$500$24 or 4.8%$24 or 4.8%$36 or 7.2%
$1,000$24 or 2.4%$24 or 2.4%$36 or 3.6%
$5,000$24 or 0.48%$24 or 0.48%$36 or 0.72%
$10,000$25 or 0.25%$24 or 0.24%$36 or 0.36%
$25,000$62.50 or 0.25%$24 or 0.10%$36 or 0.14%
$50,000$125 or 0.25%$24 or 0.05%$36 or 0.07%

Management fees aren’t the only expense. Investments have their own expense ratios — the amount charged by third party companies to manage ETFs in which the apps invest your money. Although Stash offers a number of stocks and low-cost ETFs, the average ETF expense ratio is 0.29%, which is a little high for the category. Acorns, on the other hand, offers ETFs expense ratios that range from 0.03% to 0.15%.

Stash vs. Acorns: Special features

Both of these robo-advisors offer solid features and low startup requirements. For tax-deferred retirement accounts, both Stash and Acorns offer traditional IRAs and Roth IRAs. Acorns has the advantage of offering an SEP IRA for the self-employed, which Stash doesn’t offer. Stash, on the other hand, offers custodial UTMA and UGMA accounts for college savings, but parents looking for a 529 account will have to go elsewhere.

There are some differences when it comes to style. While both advisors encourage easing into investing with small amounts of money, Stash suggests setting up auto deposits (what it calls “Auto-Stash”) where you add small amounts on a regular schedule to grow your account over time. Acorns, on the other hand, highlights round-ups, but if you’re only depositing your spare change, it will take a long time to build a substantial balance.

There are also differences in how many investment choices you have. Stash offers nearly 200 single stocks to choose from and dozens of ETF combinations, while Acorns offers only five ETF-based portfolios that range from conservative to aggressive.

Stash’s advantages

  • There are several ways to reach a human. Stash offers customer service via phone and email, so you can always reach out to a customer service rep with your queries. And Stash’s Questions page can field basic inquiries on a wide array of topics.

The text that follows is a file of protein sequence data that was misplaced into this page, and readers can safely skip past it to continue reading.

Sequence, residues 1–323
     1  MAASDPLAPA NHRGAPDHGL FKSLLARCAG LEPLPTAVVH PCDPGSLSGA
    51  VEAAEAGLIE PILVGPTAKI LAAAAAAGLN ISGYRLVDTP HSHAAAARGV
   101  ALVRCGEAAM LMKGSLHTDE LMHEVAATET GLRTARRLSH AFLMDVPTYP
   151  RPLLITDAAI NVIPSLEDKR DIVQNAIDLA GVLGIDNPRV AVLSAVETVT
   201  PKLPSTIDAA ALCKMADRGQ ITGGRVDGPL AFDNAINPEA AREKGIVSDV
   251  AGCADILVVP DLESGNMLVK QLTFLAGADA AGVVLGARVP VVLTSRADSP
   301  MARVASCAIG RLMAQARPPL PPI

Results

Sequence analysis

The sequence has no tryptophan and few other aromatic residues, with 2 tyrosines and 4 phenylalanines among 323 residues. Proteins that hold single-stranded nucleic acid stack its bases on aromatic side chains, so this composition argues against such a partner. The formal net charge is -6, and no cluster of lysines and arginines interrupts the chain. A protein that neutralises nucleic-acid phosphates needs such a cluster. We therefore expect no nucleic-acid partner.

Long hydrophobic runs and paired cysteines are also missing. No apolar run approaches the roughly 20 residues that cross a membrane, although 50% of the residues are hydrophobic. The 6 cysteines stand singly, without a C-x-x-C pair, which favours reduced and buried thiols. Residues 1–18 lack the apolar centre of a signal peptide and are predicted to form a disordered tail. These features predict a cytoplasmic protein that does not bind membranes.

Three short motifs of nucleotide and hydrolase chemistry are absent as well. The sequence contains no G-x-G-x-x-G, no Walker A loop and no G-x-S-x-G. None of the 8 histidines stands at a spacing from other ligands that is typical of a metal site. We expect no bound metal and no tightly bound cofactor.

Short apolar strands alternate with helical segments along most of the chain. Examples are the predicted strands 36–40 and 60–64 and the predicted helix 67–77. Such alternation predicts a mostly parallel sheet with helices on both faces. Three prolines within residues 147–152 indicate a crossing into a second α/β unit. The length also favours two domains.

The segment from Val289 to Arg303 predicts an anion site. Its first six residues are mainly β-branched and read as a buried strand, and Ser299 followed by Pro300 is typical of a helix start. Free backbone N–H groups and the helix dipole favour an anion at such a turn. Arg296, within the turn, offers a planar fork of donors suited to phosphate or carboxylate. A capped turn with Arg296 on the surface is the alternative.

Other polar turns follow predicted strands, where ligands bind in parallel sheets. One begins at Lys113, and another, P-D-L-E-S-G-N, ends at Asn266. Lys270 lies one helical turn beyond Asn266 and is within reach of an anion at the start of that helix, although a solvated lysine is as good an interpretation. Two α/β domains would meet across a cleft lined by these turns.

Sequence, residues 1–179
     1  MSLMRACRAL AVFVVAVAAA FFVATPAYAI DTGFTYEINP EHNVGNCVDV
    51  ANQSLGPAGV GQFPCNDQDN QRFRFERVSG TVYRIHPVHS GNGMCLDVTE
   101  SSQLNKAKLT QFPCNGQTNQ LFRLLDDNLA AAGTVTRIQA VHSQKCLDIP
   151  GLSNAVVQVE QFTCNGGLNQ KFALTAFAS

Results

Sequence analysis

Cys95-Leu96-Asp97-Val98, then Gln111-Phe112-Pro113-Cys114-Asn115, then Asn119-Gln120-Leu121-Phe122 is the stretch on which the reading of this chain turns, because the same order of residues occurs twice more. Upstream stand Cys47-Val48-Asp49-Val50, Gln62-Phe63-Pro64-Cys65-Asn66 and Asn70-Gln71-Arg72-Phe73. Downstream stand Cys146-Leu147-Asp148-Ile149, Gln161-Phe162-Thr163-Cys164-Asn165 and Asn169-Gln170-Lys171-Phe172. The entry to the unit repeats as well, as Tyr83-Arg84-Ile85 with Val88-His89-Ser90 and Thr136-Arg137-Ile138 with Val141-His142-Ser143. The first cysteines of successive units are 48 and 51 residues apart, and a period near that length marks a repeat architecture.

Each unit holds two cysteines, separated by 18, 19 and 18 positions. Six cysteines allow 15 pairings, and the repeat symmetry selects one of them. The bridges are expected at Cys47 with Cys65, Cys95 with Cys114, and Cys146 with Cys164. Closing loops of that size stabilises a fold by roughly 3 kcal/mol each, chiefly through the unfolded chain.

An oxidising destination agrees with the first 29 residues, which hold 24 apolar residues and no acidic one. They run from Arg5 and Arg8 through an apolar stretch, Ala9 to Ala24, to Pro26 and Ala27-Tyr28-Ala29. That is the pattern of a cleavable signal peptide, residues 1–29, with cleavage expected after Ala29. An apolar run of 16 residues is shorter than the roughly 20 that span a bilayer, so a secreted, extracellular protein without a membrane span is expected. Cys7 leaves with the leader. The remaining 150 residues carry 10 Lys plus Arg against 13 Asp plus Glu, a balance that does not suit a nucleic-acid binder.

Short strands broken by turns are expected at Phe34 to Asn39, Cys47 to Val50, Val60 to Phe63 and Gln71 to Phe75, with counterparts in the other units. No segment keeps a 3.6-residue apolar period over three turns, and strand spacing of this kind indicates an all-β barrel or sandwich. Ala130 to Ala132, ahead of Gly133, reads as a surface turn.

• There are great opportunities for learning. For the rookie investor, Stash’s website features Learning Guides on things like budgeting, retirement planning and basic investing concepts.
  • You have more investing options. Stash offers the ability to put as little as $5 into stocks of companies you know (3M, Adobe, Facebook, etc.) and/or to invest in one of their dozens of themed ETF baskets, which sport names like “Real Estate Tycoon” and “Foreign Heavyweights.”
  • Retirement investing is free for young 20-somethings. Stash offers free retirement investing for anyone under age 25.

Acorns’ Advantages

  • You can earn bonus cash. Acorns offers a feature called Found Money, in which 200+ retail partners invest a percentage of your purchase in your Acorns account when you shop with them. Examples include Barnes & Noble, Lyft, Groupon and Sephora.
  • It’s free for college students. The earlier you invest, the better off you’ll be, so it’s great that Acorns offers its Acorns Core services to college students at no charge.
  • Savings are automated. If you connect all your credit cards to Acorns, you’ll be saving spare change with every purchase, no matter what. For people without a lot of discipline for savings — or who feel that they can’t afford to put any money away — this is a low-key way to sock some dollars into a safe place.

Stash vs. Acorns: Which is best for you?

Both of these robo-advisors are reasonable options for the novice investor, but they’ll appeal to different people. Stash is a good option for someone who has a small amount to invest and who’d like to steer their portfolio a bit by choosing some stocks and ETF combinations from Stash’s offerings.

Acorns is also a good choice for the small-cash investor, but better for someone who doesn’t mind being limited to the five portfolios the advisor offers based on risk tolerance, and who may feel they don’t have the discipline to save and invest. That said, the fees on small-balance portfolios could eat into your earnings over time, since they’re a disproportionately large percentage of the total. If you save up a substantial sum at either advisor, you may be better off moving to another robo-advisor with lower fees and more account options.

The “Find a Financial Advisor” links contained in this article will direct you to webpages devoted to MagnifyMoney Advisor (“MMA”). After completing a brief questionnaire, you will be matched with certain financial advisers who participate in MMA’s referral program, which may or may not include the investment advisers discussed.